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" HAD rather believe all the fables in the legend, and the Talmud, and the Alcoran, than that this universal frame is without a mind: and, therefore, God never wrought miracles to convince atheism, because his ordinary works convince it. "
Essays, Moral, Economical, and Political - Page 82
by Francis Bacon - 1812 - 295 pages
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The Works of Francis Bacon, Lord Chancellor of England: With a Life of the ...

Francis Bacon, Basil Montagu - 1848
...little credit with him. when he thus began one of his essays, ' I had rather believe all the fables la the Legend, and the Talmud, and the Alcoran, than that this universal frame is without a mind.' " 1 have a copy of this edition. A letter of the Lord Bacon's, In French, to the Marquess Flat, relating...
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The Harvard Classics, Volume 3

1909
...XVI OF ATHEISM I HAD rather believe all the fables in the Legend,1 and the Talmud," and the Alcoran,3 than that this universal frame is without a mind. And therefore God never wrought miracle to convince* atheism, because his ordinary works convince it. It is true, that a little philosophy...
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The Papers of Andrew Johnson: 1822-1851

Andrew Johnson, United States. President (1865-1869 : Johnson) - 1967 - 752 pages
...digests them need not dread to encounter iron, adamant, fish hooks, and glass bottles. I could sooner believe all the fables in the Legend, and the Talmud, and the Koran, than that the doctrines of Calvin have any foundation in truth. Brownlow's Exposition and...
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Complete Writings: With Variant Readings

William Blake - 1966 - 944 pages
...can he except Factious is Christianity. Page 75- OfAlhetsm. I had rather believe all the fables and the legend, and the Talmud, and the Alcoran than that this universal frame is without a wind : and, therefore, God ne1er wrought miracle to convince atheism, because his ordinary works convince...
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Improvement Era, Volume 4, Issue 1

1901
...City, and is to be had for the small sum of $1.00. NOTES. Discretion in speech is more than eloquence. God never wrought miracles to convince atheism, because his ordinary works convince it. Fame is like a river, that heareth np things light and swollen, and and drown things weighty and solid....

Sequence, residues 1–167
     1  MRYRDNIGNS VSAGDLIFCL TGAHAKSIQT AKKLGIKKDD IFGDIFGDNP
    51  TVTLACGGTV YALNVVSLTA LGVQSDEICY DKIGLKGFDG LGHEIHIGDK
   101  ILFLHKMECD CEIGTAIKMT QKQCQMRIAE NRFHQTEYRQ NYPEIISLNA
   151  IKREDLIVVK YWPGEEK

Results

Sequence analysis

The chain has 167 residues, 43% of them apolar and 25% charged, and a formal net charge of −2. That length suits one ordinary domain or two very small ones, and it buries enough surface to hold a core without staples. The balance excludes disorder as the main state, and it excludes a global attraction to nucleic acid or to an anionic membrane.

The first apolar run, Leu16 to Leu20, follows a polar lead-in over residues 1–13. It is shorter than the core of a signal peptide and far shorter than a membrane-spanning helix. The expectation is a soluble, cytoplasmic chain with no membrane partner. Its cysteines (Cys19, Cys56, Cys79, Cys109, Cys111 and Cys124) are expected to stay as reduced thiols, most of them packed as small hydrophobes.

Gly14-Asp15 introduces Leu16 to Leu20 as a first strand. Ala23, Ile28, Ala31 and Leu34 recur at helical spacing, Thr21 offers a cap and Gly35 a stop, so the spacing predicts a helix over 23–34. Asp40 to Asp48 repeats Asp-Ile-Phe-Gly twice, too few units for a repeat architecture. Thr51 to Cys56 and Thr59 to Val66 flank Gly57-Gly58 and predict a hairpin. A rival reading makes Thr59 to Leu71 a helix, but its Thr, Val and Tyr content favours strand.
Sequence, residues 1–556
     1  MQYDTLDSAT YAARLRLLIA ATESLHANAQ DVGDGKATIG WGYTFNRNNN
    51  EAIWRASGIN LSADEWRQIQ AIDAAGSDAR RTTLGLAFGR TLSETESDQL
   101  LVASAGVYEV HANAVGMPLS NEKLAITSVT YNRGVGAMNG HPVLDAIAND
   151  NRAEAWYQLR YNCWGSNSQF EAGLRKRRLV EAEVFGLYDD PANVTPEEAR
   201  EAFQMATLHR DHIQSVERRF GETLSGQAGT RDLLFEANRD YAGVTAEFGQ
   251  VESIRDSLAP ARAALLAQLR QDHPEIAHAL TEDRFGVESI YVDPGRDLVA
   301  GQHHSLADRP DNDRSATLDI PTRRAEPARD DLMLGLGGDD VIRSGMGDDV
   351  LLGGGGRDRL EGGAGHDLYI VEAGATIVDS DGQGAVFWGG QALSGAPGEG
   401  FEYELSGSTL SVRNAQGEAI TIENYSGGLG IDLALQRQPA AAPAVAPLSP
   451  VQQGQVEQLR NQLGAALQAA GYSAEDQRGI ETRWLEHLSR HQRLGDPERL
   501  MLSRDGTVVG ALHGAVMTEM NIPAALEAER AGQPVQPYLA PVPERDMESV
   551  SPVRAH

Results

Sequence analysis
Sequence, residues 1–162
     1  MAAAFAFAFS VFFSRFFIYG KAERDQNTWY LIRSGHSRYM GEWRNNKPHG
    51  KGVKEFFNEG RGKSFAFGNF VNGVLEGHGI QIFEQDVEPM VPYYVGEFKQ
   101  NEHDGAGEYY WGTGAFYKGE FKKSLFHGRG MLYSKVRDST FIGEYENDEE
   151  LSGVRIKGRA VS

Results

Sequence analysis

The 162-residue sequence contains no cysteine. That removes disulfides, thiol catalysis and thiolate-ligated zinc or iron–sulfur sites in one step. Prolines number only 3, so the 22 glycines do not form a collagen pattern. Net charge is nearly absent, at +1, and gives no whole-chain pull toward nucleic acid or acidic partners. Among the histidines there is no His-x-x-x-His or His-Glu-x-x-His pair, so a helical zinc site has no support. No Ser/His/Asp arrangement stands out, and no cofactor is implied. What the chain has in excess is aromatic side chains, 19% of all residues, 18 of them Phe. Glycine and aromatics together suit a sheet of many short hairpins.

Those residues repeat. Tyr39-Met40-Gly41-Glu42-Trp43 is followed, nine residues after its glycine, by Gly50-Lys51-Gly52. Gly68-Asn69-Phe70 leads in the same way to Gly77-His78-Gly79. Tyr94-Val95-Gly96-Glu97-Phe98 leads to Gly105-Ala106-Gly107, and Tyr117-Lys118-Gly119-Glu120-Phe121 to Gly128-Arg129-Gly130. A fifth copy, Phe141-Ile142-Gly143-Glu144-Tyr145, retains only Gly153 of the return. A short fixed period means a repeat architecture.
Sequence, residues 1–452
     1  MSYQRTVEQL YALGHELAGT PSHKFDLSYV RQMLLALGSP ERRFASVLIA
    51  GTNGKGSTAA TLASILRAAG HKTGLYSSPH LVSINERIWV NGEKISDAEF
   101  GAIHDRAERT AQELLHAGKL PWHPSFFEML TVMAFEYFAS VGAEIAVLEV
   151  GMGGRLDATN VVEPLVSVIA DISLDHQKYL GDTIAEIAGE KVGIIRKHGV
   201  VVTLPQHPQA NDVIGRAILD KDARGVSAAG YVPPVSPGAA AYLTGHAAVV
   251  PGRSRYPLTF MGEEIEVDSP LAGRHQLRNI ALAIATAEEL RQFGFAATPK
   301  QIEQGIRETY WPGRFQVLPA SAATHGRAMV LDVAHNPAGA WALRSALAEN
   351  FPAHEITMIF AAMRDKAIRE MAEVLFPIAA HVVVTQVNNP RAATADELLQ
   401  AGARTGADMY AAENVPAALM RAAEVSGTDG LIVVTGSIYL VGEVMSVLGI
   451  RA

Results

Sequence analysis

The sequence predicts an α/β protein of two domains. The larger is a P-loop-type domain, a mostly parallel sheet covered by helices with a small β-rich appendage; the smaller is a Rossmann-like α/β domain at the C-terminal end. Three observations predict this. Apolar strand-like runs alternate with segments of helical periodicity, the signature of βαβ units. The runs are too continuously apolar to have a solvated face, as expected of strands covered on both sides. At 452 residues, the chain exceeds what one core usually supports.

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Space and the Eighteenth-Century English Novel, Volume 1

Simon Varey - 1990 - 220 pages
...been flourishing for some time. In his essay 'Of Atheism' (1613) Francis Bacon said he preferred to believe 'all the fables in the Legend, and the Talmud,...is without a mind. And therefore God never wrought miracle to convince atheism, because his ordinary works convince it.'60 Later, opponents of Epicureanism...
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The Story of Philosophy

Will Durant - 1961 - 543 pages
...philosophy is secular and rationalistic, he makes an eloquent and apparently sincere disclaimer of unbelief. "I had rather believe all the fables in the Legend,...than that this universal frame is without a mind. ... A little philosophy inclineth a man's mind to atheism; but depth in philosophy bringeth men's minds...
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The Columbia Dictionary of Quotations

Robert Andrews - 1993 - 1092 pages
...silence at the stars. WALT WHITMAN (1819-921. US poet. When 1 Heard the Leam'd Astronomer. ATHEISM 1 I had rather believe all the Fables in the Legend,...than that this universal frame is without a Mind. FRANCIS BACON (1561-1626). English philosopher, essayist, statesman. Essays, 'Of Atheism" (1597-1625)....
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Francis Bacon: The Temper of a Man

Catherine Drinker Bowen - 1993 - 245 pages
...stay for an answer." Or on death: "Men fear death, as children fear to go in the dark." Or on atheism: "I had rather believe all the fables in the Legend,...than that this universal frame is without a mind." Consider the opening line of the essay on gardens, in lighter vein but bearing again that touch of...
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Famous Lines: A Columbia Dictionary of Familiar Quotations

Robert Andrews - 1997 - 625 pages
...DONNE, (c. 1572-1631) British divine, metaphysical poet. "The Progress of the Soul," St. 52. Atheism 1 I had rather believe all the fables in the Legend,...without a Mind; and, therefore, God never wrought miracle to convince atheism, because his ordinary works convince it. FRANCIS BACON, (1561-1626) British...
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